September: School started! I psychoanalyzed my kids, and decided they’re cool. DH and I decide we are capable, and assemble a playground in the new backyard. It only takes until midnight to finish… My babies are growing up, and I wax a little melancholy. Then I remember what life is really like, and laugh myself silly. DH scores major points with the first little Blue Box of my life, and we celebrate 8 years married, 18 together. Gah. How is that possible? Beanie turns four, and soccer enters our lives. Abby experiments with her poop, and decided it’s not really for her. Thank heavens.

October. My birthday comes and we celebrate with a rousing rendition and refrain of the stomach flu. Yet again.  My first sharing of the famous and inimitable Cinnamon Rolls. If you don’t have the recipe, do yourself a favor and print it. Yes, I will toot my own horn on this one. My first weekend away from my kids EVER actually happened this time! It was wonderful. Fell down the stairs with Abby and my knee still hurts. Next recipe, for Tote Bags, is also worth printing. California caught fire, but my family is safe. Had the best Halloween hair ever.

November: Celebrated the dead, and lamented the pink Christmas tree. Had a little locker-room problem and Jeff started swim lessons, and I tried to promote my pet-project of wooden and non-toxic toys. Gave up trying to clean my house, and finally accepted that chaos reigns. Had a little contest (they’re coming, really!) Had a little contest, and Jeff tried to pay me to wipe his tush. We learned that our grass is made of dead lions, and sometimes all I have to say is random crap. You got my hollandaise recipe, and I became the Human Napkin.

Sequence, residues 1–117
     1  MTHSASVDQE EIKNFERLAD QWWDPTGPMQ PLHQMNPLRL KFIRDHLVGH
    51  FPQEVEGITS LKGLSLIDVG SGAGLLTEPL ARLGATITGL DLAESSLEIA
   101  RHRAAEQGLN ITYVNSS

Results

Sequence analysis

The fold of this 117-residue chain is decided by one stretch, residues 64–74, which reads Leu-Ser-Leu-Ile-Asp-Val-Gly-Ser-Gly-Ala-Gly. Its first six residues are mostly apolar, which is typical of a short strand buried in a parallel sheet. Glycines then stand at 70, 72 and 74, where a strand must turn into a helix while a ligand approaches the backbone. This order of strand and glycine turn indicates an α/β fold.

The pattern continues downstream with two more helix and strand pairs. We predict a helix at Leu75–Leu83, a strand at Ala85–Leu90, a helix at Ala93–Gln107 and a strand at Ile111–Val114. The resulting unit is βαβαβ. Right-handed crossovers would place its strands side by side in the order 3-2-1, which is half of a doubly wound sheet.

December: Was enchanted by a single snowflake, Abby got stuck in the kitchen while Bean created performance art, and western Washington floated away. Baked, cooked and ate until stuffed as fat ticks. Sent out the Christmas cards and had breakfast prepared for the first time by the monkeys. I cut the crap out of my hair, and took a dunk in the dark dye. Still in the holding pattern on that one… Christmas came, and Christmas went- whoooooosh. That was fast. Cheese, glorious cheese, and I waxed on… And there we were.

Here’s to a delightful and wonder-filled 2008. Happy New Year everyone!

Cultured Young

I’ve decided it’s my mission to culture my children. They’ve been to the theatre already, and can (mostly) audibly recognize the instruments of the orchestra. Since my husband is an ogre, and will only enter a theatre upon threat of bodily harm from me, I want my boys to be more comfortable with the niceties of society. They may not like Sondheim as much as they like the Steelers, but at least they’ll know who he is.

Today I took Jeffrey to the Cheese-mongers. It was a special trip, just the two of us, and he got to pick out two cheeses from the vast jewel case of fine cheese. The kid already loves cheese, so it wasn’t a hard sell, but this was introducing him to the good stuff. Most six-year-olds aren’t so interested in stinky cheese, but he liked the special-ness of the store, the dark walls, the shiny cases and the mysterious colors and textures of the little shop.